In the past 36 years, there have been 200 weather-related disasters that each cost over a billion dollars. These disasters span a multitude of severe weather types and multiple states, damaging homes, businesses, agricultural properties, and other assets. Some of these billion dollar events, such as Hurricane Sandy ($68.3 billion) and Hurricane Katrina ($153.8 billion), are seared into the nation’s memory, while others, such as a series of severe storms in 2003, may be largely forgotten, despite the exorbitant financial and social price tag. Unfortunately, weather disaster trends are growing worse. During the 1980s, there was an average of 2.7 unique billion dollar disasters per year (adjusted for inflation using the Consumer Price Index). This average rose to 4.8 billion dollar disasters per year in the 1990s, and 5.4 per year in the 2000s.
From 2010 to August 2016 we have already seen an average of about 10 billion dollar disasters every year. During 2011 alone, there were 16 unique billion dollar disasters.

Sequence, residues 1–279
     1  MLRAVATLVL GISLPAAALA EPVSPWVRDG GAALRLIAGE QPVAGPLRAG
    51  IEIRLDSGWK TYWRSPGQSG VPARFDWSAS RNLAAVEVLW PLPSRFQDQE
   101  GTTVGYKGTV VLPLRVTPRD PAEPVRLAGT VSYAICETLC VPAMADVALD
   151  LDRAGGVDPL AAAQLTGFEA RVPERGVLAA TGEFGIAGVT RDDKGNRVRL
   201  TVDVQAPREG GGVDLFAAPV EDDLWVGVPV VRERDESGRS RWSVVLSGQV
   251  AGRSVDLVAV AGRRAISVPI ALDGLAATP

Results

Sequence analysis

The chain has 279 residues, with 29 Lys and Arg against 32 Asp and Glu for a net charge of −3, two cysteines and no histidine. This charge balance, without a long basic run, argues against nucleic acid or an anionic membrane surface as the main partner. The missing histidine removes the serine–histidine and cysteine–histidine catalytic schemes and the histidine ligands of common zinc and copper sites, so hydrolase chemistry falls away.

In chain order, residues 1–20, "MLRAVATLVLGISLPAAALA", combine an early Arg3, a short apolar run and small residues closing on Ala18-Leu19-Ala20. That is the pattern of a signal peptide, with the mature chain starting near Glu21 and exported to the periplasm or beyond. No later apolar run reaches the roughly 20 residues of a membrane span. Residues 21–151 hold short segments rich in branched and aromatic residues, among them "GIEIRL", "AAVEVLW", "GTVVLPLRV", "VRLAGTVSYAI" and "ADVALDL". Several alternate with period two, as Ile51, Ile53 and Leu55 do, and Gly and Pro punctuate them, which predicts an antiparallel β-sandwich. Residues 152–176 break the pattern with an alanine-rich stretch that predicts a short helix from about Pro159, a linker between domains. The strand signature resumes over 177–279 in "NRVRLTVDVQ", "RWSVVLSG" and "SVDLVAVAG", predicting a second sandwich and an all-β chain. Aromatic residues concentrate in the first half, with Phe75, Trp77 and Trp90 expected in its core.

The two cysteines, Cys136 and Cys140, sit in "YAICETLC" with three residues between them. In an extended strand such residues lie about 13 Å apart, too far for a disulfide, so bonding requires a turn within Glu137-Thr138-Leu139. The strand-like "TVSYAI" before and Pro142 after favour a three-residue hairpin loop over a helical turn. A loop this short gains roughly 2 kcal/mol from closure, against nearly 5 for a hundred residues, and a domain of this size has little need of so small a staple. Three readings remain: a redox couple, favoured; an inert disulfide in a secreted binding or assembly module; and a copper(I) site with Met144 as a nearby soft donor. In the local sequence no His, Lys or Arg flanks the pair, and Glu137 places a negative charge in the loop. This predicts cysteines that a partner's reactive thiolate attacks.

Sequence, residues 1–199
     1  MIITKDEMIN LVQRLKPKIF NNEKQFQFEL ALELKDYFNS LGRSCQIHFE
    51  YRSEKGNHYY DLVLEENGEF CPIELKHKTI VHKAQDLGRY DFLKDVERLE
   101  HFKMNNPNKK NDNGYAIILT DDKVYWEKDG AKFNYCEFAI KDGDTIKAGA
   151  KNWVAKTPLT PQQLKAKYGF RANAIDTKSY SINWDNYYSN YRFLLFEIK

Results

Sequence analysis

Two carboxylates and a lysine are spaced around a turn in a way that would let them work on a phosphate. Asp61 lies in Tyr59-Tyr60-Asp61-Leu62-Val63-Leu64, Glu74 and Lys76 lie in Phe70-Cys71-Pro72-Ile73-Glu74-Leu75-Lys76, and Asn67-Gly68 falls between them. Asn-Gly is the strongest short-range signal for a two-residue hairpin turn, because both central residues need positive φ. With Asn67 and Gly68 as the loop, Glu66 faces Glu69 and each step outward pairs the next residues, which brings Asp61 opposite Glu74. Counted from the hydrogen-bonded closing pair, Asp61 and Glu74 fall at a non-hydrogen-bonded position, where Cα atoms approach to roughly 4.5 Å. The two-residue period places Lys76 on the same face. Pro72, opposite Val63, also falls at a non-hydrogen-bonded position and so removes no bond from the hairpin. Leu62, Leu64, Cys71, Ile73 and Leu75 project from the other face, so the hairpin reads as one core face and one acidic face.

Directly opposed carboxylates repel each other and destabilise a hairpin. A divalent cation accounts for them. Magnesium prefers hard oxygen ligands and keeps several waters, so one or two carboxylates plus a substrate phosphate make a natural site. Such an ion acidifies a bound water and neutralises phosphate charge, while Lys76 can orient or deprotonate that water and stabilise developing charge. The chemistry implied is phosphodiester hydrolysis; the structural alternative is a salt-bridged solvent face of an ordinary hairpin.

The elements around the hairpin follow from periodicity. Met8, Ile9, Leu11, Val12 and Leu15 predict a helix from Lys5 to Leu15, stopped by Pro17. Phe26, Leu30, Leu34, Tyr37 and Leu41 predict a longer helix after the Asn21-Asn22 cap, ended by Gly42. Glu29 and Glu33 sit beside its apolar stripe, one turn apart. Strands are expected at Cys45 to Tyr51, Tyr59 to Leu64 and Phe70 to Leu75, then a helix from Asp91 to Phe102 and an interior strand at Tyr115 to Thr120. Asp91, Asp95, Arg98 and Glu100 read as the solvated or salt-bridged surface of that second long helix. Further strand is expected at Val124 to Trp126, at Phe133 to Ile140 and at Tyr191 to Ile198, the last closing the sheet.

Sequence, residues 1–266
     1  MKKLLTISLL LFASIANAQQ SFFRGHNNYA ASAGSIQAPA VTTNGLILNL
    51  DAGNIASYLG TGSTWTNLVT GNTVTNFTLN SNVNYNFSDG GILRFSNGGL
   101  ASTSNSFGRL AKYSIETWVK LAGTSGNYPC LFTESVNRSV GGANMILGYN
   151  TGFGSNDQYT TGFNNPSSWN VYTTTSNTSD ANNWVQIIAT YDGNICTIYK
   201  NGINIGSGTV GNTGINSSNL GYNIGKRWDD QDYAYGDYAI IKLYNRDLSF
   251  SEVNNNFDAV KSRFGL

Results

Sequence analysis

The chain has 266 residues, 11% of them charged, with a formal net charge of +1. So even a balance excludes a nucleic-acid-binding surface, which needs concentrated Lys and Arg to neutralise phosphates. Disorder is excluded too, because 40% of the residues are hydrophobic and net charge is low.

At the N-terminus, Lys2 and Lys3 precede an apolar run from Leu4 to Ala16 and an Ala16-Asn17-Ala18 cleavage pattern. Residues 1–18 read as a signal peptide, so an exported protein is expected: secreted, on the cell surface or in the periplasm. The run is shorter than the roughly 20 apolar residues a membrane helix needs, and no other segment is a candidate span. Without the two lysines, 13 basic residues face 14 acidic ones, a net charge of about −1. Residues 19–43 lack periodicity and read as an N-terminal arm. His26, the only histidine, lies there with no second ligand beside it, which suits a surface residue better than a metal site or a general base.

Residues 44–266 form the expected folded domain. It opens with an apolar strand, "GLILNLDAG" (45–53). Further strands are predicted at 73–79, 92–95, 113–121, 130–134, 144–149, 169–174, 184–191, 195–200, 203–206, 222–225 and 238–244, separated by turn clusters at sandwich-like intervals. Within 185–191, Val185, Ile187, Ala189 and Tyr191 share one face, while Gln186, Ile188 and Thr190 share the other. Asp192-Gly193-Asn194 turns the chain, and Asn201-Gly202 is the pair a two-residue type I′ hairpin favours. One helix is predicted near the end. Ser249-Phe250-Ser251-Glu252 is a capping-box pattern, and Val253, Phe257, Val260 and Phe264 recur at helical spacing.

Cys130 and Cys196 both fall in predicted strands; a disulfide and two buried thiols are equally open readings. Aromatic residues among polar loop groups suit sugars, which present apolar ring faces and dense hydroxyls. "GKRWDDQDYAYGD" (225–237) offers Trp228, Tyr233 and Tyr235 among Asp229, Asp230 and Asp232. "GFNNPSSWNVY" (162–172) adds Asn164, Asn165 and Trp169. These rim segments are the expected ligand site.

There may be a number of reasons why billion dollar disasters are becoming more frequent, including population increases, migration to cities, the growing value or increasing age of infrastructure, and a rise in storm severity or frequency. For that matter, all of these factors could be coming into play in any given disaster. And while improving resilience to such disasters, through better infrastructure, for example, is an expensive prospect for most counties, dealing with the aftermath of a serious disaster is far more costly, including in human terms.